Researching Lucy Broadwood
Surrey History Centre at Woking have many of Lucy Broadwood’s papers including all her diaries. Would you like to have a go doing some research on these? If so please email Chris at email@example.com
This is the the Surrey History Centre link on Lucy Broadwood – https://www.exploringsurreyspast.org.uk/themes/people/musicians/lucy_broadwood/
To whet your appetite, here are a three of extracts that Chris has found from searching information online.
Today Cecil Sharp is regarded as the ‘Father of English Folk Song.’ Yet this was not really the case: Lucy Broadwood, Kate Lee and others were recording folk songs ‘in the field’ many years before Cecil Sharp. When Sharp did join the Folk Song Society he caused some dissension within the committee and upset some members who felt he was a bit of a one-man band who couldn’t work collectively. Lucy Broadwood said of Sharp: “He puffed and boomed and shoved and ousted, and used the Press to advertise himself.”
Rev. Sabine Baring-Gould
Another folk song collector who Lucy did have a good opinion of was the Rev. Sabine Baring-Gould, a Devon clergyman who collected songs in his parish and Devon generally. She visited him in Devon and joined her host on a folk song collecting tour of the county. They also corresponded regularly. In one letter, written in 1892, Baring-Gould suggested that it would be a good idea to record some Navy songs, but anticipating Lucy enthusiasm for the task, cautioned: “I can understand the [sailors] being shy of singing to a lady, they think they are being laughed at, or else are simply shy as they would not be before a man, moreover they want grog [navy ration of watered-down rum] to unlock their hearts and refresh their memories and a lady can hardly stand grog for them.” It was not always easy being a female folk song collector in Victorian England!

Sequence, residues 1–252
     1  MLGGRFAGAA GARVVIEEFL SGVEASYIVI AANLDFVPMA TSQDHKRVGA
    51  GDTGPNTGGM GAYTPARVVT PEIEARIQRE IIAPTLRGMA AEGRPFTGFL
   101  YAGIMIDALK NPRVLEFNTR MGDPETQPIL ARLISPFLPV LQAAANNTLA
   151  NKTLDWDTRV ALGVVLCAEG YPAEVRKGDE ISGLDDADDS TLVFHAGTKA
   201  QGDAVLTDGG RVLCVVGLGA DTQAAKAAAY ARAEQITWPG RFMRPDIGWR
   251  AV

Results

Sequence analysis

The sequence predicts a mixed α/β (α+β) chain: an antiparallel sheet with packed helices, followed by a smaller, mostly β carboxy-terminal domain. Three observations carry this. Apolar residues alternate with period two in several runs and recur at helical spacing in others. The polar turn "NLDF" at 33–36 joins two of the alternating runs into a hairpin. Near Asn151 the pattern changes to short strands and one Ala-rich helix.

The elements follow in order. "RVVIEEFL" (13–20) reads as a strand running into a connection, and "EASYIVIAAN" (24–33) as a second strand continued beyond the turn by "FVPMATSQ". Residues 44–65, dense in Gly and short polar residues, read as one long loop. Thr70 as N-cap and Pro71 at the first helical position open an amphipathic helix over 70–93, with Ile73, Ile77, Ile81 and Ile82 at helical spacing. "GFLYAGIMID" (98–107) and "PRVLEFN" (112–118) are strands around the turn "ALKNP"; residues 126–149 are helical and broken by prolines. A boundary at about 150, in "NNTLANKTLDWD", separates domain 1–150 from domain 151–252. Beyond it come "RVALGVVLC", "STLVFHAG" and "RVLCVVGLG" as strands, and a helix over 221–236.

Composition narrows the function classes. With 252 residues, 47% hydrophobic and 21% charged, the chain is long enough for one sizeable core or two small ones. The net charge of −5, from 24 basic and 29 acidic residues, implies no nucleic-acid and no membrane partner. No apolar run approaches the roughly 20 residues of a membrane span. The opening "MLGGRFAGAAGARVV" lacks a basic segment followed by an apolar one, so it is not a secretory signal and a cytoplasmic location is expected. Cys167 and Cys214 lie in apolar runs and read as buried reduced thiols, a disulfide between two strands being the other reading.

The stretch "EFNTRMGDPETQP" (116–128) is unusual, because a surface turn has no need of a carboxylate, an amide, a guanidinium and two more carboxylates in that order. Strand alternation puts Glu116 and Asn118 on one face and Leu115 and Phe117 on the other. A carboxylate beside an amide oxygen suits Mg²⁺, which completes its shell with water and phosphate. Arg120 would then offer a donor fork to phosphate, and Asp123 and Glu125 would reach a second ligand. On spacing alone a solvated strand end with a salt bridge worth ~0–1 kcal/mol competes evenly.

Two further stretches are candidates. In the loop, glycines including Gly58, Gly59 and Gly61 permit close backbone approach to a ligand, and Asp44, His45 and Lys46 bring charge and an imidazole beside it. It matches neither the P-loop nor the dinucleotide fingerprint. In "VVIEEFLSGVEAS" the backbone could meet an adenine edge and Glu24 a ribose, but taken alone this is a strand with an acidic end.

Mary Venables was a close friend of Lucy and probably knew her better than anyone. It was Mary’s folk song collecting in the Lake District that inspired Lucy to revisit the songs collected by her uncle, Rev. John Broadwood in the 1840s. Mary appreciated all Lucy’s many talents and her restless determination to do many many tasks to the upmost of her ability. As well as being secretary of the Folk Song Society, she was also a leading light in the Purcell Society and the People’s Entertainment Society. Lucy traveled extensively, read widely on world religion and took a great interest in politics. Yet Mary detected a melancholy in her friend that “came from the depths of her nature which often appeared to be struggling against sadness and pessimism.” In this she had much in common with Hilaire Belloc.